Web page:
Ovington Village Tour

The village occupies a sloping site on the northern end of a shallow valley. Along this valley runs the stream form Carbrooke. This joins the Wissey beyond Watton. The West boundary is marked by the remains of the railway. The embankment carried trains from Thetford via Roundham junction to Watton and then on to Kings Lynn via Swaffam and Marham. This line was affectionally called the "Crab and Winkle line".

Several farms are located between this line and the main Dereham road. The main village starts 1/2 mile from the dangerous cross roads. Most of the buildings in the village centre are relatively modern. The oldest buildings are:
Stone Farm
The Methodist Chapel (private dwelling)
The Crown Public House (private dwelling)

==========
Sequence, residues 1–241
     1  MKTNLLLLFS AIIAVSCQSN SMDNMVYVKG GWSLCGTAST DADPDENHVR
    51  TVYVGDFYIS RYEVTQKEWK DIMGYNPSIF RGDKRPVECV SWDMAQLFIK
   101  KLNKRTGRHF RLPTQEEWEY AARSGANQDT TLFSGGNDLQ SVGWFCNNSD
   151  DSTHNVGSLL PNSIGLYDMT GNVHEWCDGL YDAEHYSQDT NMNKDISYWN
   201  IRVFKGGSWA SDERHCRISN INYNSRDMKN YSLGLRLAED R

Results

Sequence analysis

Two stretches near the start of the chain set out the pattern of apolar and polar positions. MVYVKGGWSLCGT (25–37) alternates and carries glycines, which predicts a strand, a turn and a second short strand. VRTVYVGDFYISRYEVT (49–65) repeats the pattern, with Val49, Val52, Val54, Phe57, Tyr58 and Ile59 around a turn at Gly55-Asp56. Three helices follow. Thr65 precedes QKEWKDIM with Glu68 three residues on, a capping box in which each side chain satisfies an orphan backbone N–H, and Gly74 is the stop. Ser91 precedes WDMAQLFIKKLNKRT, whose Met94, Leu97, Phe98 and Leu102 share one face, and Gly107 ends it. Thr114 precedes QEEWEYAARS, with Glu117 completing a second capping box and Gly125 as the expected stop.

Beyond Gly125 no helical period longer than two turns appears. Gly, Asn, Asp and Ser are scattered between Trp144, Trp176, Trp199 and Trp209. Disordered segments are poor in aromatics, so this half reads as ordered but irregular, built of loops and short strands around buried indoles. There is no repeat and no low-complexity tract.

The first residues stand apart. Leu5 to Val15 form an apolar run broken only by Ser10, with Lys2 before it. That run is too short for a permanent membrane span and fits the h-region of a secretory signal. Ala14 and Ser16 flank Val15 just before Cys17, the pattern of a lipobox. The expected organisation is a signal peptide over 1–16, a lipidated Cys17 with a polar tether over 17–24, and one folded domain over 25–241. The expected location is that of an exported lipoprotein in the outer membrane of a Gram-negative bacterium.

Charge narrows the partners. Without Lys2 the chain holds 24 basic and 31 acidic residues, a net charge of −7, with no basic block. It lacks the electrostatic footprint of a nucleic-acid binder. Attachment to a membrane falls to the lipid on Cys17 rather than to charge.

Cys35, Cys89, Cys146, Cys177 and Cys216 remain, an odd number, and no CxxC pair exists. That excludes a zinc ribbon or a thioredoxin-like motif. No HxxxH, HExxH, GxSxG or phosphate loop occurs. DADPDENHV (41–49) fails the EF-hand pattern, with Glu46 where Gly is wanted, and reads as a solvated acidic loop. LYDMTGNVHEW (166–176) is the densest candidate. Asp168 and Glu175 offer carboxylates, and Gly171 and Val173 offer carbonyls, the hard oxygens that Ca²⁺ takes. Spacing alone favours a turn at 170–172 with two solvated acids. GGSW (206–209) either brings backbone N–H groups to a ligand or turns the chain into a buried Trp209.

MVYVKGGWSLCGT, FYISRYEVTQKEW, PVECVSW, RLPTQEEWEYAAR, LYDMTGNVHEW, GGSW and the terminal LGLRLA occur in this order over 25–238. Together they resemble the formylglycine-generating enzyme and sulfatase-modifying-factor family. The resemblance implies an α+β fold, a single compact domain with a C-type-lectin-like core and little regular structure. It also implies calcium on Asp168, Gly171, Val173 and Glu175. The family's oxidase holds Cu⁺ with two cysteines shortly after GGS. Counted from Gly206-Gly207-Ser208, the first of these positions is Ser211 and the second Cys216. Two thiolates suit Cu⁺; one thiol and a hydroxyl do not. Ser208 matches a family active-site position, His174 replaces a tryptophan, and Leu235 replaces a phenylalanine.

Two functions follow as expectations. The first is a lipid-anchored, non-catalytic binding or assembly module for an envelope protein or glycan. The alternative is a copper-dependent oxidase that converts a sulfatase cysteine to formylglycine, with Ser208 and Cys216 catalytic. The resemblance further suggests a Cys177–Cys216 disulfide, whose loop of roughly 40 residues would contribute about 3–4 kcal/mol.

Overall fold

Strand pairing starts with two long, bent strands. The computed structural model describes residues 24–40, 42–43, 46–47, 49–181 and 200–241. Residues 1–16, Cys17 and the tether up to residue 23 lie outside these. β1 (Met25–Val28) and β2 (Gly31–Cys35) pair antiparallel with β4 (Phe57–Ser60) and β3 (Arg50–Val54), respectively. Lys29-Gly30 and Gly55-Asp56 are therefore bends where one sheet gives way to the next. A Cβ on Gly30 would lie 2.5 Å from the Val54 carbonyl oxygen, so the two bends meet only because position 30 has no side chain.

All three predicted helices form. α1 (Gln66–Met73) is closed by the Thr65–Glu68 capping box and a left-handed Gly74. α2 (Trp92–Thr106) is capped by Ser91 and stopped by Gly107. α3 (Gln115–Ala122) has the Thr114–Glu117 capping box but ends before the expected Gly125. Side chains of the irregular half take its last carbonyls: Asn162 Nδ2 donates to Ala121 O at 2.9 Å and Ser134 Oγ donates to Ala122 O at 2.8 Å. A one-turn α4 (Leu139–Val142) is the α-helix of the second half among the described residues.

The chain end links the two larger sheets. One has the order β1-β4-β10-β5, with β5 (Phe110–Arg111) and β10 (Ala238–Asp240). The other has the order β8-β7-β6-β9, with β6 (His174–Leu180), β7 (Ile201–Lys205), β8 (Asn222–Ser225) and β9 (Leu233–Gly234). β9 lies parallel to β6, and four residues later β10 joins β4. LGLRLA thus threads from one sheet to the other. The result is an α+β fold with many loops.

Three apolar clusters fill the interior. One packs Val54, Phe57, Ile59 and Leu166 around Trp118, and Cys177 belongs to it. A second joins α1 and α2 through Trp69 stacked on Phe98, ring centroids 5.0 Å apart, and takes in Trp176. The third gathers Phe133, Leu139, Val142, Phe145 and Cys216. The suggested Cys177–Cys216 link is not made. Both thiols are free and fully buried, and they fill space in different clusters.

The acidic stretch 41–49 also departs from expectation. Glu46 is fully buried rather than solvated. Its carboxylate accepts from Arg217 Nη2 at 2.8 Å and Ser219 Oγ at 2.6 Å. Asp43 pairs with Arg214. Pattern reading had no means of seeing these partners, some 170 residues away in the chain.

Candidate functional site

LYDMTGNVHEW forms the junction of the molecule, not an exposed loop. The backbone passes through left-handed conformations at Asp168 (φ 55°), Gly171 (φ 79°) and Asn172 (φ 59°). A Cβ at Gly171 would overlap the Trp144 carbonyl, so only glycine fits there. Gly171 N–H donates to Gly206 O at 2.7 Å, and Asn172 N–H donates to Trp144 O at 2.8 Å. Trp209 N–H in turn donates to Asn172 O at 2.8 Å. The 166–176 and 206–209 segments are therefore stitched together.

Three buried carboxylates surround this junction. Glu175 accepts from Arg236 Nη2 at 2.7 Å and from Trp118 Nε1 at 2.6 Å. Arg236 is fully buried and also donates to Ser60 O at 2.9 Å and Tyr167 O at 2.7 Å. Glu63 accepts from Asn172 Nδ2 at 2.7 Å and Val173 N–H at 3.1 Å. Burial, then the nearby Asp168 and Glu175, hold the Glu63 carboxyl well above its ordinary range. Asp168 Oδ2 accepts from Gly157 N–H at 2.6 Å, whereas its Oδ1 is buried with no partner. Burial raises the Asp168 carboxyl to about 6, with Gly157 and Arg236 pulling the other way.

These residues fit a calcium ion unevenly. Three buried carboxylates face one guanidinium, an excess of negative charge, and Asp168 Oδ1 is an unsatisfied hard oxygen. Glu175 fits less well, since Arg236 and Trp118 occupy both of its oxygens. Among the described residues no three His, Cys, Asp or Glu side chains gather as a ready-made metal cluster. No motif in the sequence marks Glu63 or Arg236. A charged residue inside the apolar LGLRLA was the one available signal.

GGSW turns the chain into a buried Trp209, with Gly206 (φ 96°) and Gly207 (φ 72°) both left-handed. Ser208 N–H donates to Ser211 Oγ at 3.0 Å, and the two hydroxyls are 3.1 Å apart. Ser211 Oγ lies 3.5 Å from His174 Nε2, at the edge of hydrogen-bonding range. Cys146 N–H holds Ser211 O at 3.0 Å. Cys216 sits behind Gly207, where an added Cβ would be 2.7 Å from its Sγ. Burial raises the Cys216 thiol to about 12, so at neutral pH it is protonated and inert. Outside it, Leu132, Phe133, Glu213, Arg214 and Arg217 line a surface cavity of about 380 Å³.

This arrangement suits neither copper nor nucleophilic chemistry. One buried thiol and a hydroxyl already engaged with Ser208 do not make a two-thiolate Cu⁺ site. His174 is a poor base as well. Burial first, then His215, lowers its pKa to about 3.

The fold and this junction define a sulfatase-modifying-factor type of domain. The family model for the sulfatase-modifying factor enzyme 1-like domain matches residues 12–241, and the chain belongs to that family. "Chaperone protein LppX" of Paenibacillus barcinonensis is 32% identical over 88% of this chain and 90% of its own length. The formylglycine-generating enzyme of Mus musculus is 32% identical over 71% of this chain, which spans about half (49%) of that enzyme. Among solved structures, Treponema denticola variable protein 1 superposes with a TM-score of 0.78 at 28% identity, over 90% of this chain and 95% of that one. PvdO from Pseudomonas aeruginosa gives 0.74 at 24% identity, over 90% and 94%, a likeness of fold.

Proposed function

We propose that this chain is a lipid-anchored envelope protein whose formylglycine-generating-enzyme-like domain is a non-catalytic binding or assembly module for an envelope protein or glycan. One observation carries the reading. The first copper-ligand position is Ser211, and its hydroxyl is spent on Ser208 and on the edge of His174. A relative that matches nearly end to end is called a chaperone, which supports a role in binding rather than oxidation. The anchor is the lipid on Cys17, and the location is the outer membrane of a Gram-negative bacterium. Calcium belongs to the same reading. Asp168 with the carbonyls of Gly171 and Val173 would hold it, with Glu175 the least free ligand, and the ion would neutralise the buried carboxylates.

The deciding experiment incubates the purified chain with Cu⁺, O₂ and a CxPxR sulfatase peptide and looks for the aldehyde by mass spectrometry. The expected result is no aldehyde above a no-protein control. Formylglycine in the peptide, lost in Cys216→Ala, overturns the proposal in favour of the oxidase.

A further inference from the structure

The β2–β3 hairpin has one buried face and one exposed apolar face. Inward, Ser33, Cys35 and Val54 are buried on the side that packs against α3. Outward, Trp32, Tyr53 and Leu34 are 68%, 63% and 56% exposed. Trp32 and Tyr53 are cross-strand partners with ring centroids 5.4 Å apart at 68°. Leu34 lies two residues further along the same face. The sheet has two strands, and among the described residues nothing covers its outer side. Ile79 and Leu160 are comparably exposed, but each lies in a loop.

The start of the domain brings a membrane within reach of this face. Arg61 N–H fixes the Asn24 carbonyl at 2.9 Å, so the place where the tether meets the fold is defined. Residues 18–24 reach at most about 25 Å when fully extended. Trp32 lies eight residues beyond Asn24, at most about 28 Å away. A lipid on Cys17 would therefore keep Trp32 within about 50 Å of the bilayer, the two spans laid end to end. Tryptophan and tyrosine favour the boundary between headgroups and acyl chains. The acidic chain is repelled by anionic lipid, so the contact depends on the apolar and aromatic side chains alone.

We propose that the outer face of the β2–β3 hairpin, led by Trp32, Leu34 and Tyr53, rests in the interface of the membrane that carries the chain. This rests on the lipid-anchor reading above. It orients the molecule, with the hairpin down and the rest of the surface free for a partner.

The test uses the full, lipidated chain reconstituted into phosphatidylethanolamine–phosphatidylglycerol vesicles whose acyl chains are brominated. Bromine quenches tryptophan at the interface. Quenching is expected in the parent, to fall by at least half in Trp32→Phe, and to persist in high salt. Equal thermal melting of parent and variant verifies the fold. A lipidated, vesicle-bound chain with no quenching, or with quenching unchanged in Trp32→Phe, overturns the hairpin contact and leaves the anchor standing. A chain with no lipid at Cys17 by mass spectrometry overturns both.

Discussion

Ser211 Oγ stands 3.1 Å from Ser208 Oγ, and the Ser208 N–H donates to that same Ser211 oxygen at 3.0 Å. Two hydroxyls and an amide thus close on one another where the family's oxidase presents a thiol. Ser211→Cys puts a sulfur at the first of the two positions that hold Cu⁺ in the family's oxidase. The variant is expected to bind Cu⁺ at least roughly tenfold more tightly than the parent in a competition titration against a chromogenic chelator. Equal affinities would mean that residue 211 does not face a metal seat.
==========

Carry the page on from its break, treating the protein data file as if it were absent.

The Church of St John
The Rectory
Village Hall - previously the School
Town Farm

Two house names reflect the fact that the village also had two windmills, long since gone. See village history page. Shown here is one of the vanished properties in the main village. Stone Glow was replaced by a bungalow and is believed to have been part of a small terrace of cottages. Beyond the church, there is a lane leading to Water End Farm.

This was the main route out of the village years ago, but the "new" road leads on to the main Derham road. The Village continues uphill towards Shipdam, featuring more farms and the Cock public house, long since closed. The Carbrooke road heads east with the parish boundary finishing past Redhill Lane, which cuts across the valley.

Coming soon: An aerial tour of the village!